Women's Health – Bodies & Pregnancy, Breast Cancers & Medicine

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In Honor of Women’s Health Week – May 8 -14, We Talk Bodies, Pregnancy, Diets, Breast Caner, Hormones, Medicine & More.

Women today are living radically different lives than their female ancestors. Modern diets and lifestyles are dramatically changed and so are our modern bodily functions. There is probably no part of our bodies more impacted than our hormones. Evolutionarily, our hormonal system is designed to facilitate pregnancy and lactation. It is not designed to be menopausal, to deal with stressful lifestyles, to withstand environmental toxins (many of which affect hormonal function), or to cope with unhealthy diets that tend to increase estrogen levels and activity leading to many estrogen-related conditions, including endometriosis, uterine fibroids, fibrocystic breast disease and all the gynecologic cancers – cervical, ovarian, uterine, and breast.

The science of “women’s health” is amazingly new. Until the 1980’s, there were almost no studies looking at the difference between men and women – in health or in disease. We know the anatomical differences, of course, but not the functional ones. Specific hormonal issues were just not studied, in part, because it was considered unethical to do research on women for fear they would become pregnant and be adversely affected by the research parameters. Even drugs such as hormones and oral contraceptives were initially tested on men and on animals so as not to cross this artificial barrier related to research on women.

We are just now beginning to see studies that examine how drugs work in women as opposed to men. Consequently, we are still in the earliest stages of learning the “why’s” – not only of specific female functions, but of the many diseases that have different courses in women compared to men.

For example, Rheumatoid arthritis. This disease is four to six times more likely to occur in a woman than a man. Lupus (SLE) occurs nine times more frequently in a woman. In fact, essentially all auto-immune disorders occur more frequently in women than they do in men. Lots of theories exist, but there are no solid scientifically-verified reasons as to why this is so.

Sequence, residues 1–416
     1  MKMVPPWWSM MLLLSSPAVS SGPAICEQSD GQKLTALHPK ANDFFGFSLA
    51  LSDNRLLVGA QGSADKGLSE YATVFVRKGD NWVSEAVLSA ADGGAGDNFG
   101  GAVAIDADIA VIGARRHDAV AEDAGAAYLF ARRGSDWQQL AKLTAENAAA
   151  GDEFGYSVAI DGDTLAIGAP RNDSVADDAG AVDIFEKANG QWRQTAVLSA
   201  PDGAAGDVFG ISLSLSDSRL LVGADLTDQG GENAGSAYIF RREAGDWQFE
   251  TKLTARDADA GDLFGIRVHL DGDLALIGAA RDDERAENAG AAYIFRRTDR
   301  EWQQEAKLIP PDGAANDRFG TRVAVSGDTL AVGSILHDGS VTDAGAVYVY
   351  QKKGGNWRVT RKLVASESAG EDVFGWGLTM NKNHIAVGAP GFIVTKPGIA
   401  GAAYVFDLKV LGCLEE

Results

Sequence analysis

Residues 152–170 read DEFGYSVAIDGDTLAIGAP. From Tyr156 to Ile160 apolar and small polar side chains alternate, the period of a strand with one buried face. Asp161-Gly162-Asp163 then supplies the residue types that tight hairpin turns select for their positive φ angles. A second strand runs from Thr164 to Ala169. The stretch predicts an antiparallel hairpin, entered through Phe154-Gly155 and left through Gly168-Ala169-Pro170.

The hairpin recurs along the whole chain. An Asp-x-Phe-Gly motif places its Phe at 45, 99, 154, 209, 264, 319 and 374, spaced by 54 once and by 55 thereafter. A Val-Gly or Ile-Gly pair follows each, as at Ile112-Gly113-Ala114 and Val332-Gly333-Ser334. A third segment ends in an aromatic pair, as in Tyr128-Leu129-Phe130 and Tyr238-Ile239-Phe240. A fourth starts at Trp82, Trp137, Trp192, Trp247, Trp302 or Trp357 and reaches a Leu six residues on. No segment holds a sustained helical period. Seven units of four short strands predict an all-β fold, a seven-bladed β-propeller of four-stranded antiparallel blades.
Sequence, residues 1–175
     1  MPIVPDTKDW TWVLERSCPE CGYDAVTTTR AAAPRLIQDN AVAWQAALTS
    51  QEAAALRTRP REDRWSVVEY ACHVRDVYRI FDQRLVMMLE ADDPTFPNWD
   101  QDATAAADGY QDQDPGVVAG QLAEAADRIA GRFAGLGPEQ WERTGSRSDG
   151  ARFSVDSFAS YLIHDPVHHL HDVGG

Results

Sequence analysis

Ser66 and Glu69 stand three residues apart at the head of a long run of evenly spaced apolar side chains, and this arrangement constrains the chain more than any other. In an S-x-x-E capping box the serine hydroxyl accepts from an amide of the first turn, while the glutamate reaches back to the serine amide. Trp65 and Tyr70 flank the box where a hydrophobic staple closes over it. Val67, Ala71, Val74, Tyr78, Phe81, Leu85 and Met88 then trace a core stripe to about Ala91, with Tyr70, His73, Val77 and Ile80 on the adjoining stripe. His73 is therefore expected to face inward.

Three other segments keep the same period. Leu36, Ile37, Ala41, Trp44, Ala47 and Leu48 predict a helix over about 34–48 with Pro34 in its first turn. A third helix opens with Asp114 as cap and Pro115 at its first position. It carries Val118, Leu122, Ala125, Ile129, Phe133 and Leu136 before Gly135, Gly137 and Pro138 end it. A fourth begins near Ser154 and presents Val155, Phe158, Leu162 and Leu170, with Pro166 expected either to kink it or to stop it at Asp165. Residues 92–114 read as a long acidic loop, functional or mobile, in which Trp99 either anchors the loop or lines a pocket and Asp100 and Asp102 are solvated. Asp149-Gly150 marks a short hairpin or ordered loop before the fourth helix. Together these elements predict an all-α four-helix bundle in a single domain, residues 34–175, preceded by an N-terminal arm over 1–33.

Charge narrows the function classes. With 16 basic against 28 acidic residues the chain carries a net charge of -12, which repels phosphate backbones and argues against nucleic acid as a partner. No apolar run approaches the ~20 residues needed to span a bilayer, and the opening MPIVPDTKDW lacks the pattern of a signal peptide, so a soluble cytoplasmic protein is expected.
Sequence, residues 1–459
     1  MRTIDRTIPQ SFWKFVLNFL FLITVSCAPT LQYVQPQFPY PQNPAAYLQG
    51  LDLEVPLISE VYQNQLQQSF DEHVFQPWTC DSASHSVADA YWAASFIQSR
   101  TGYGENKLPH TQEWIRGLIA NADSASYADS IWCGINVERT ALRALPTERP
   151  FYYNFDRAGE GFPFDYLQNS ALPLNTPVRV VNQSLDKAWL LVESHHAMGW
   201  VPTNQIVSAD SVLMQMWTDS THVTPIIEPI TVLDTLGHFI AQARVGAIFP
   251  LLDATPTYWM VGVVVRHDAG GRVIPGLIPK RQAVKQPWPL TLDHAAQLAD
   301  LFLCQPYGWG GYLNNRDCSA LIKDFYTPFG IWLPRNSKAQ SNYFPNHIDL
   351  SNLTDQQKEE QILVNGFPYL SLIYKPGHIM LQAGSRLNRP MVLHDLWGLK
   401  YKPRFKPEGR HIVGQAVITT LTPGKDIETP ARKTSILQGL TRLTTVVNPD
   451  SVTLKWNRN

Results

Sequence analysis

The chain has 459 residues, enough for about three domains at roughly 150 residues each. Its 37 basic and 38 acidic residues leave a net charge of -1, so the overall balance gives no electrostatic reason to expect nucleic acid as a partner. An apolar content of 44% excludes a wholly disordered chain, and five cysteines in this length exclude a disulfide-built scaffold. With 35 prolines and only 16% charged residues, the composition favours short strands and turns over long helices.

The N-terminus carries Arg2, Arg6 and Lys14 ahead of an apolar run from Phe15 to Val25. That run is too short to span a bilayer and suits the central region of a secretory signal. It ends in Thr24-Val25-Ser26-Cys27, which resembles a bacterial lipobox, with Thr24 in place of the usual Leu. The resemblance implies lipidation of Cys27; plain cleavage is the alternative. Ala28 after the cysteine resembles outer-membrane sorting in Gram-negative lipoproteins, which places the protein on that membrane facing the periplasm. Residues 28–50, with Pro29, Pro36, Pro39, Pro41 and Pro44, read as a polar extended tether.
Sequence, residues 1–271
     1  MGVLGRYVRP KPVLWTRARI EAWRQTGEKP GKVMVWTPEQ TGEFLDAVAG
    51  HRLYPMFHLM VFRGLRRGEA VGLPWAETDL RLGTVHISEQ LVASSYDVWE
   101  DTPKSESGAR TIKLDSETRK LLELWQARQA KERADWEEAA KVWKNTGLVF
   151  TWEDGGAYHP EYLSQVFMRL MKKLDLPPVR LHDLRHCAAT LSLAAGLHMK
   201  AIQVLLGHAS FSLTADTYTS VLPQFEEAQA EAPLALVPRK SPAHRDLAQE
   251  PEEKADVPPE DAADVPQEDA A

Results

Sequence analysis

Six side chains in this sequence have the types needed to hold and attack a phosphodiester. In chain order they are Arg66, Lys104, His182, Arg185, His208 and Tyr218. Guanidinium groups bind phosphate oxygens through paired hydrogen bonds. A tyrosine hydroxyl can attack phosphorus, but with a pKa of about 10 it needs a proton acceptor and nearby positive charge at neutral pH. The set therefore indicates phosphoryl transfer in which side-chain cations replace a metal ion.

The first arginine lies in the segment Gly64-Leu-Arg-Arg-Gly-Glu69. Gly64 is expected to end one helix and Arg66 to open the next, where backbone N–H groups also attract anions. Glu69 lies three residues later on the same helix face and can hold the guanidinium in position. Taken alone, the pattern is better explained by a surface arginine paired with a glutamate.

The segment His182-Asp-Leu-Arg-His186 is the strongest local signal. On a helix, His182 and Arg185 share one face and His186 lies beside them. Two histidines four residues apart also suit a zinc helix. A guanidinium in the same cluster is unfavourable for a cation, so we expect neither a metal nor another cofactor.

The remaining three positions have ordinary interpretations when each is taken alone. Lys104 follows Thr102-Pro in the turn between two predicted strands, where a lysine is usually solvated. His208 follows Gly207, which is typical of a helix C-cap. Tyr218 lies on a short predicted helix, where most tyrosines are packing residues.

With that said, here is my philosophy as it applies to women’s health.

In general, women know their bodies very well, Women are far more in tune with their bodies than men are. That is why women are also far more likely to seek out a medical opinion about changes, about something that is perceived to be abnormal, and about figuring out if what is happening is truly normal. Our modern medical paradigm tends to lead us to believe that normal functions of menstruation, pregnancy and menopause are somehow abnormal and in need of treatment. A multitude of over- the-counter products are on the shelves of pharmacies and grocery stores for dealing with menstruation. The normal fluctuations of the menstrual cycle, or even menstruation itself, are to be manipulated, treated and prevented. A few years back, the FDA declared that menopause was a disease and as such, natural products could not be labeled as being beneficial for menopause as that would be paramount to a disease treatment claim. How ridiculous it is to declare a perfectly normal transition of life as disease!

Our mindset must shift to focus on the dietary and lifestyle changes needed to promote optimum functioning of all body parts and systems. Do not just put your life in the hands of a doctor to “fix” – via drugs, surgery, or other treatments. Be willing to take control of your own life. Look at the body as a precious resource, to be treasured and pampered.

There are a lot to choices out there, and few of them are truly definitive. Medicine is a work in progress, and always will be. The state of knowledge is constantly evolving, and each new discovery either supports our current beliefs or threatens to overturn them.

The best advice? Remember YOU ARE IN CHARGE OF YOUR HEALTH. Research, study, and investigate options that feel right for you. Don’t take someone else’s opinion as the final word. Keep looking and keep asking questions, until you find what is best for you.

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